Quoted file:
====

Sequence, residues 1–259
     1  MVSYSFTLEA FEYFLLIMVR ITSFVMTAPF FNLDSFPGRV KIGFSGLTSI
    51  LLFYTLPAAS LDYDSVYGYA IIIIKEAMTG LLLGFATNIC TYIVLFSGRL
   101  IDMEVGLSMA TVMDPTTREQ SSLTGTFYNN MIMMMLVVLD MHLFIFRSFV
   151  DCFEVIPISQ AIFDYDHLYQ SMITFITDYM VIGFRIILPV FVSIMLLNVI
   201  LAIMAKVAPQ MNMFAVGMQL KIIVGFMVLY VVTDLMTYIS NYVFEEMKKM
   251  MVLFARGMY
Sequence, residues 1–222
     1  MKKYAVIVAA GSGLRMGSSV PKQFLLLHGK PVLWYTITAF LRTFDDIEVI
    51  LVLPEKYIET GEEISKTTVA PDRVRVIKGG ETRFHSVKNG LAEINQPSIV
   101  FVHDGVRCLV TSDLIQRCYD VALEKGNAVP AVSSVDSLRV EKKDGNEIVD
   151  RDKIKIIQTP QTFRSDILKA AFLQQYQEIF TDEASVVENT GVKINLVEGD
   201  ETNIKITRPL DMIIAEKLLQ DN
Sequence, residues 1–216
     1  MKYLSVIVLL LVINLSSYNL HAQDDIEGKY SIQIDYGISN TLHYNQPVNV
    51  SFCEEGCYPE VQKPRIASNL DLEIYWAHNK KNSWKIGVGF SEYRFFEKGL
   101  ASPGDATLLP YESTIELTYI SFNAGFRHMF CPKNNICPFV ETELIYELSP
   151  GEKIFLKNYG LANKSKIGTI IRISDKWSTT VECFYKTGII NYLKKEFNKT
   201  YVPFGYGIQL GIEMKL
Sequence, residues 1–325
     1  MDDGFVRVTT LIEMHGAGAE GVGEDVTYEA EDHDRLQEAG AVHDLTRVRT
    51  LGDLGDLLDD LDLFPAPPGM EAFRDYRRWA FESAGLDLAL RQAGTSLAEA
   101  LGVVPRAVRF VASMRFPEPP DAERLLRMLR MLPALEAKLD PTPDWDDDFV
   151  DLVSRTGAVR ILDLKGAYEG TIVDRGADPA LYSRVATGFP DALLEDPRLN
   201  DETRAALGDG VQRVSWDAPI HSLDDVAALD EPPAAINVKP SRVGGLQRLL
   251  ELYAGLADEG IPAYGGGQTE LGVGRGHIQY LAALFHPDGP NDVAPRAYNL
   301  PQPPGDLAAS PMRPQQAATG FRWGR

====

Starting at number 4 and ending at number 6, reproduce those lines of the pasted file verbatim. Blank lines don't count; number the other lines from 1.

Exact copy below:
   101  IDMEVGLSMA TVMDPTTREQ SSLTGTFYNN MIMMMLVVLD MHLFIFRSFV
   151  DCFEVIPISQ AIFDYDHLYQ SMITFITDYM VIGFRIILPV FVSIMLLNVI
   201  LAIMAKVAPQ MNMFAVGMQL KIIVGFMVLY VVTDLMTYIS NYVFEEMKKM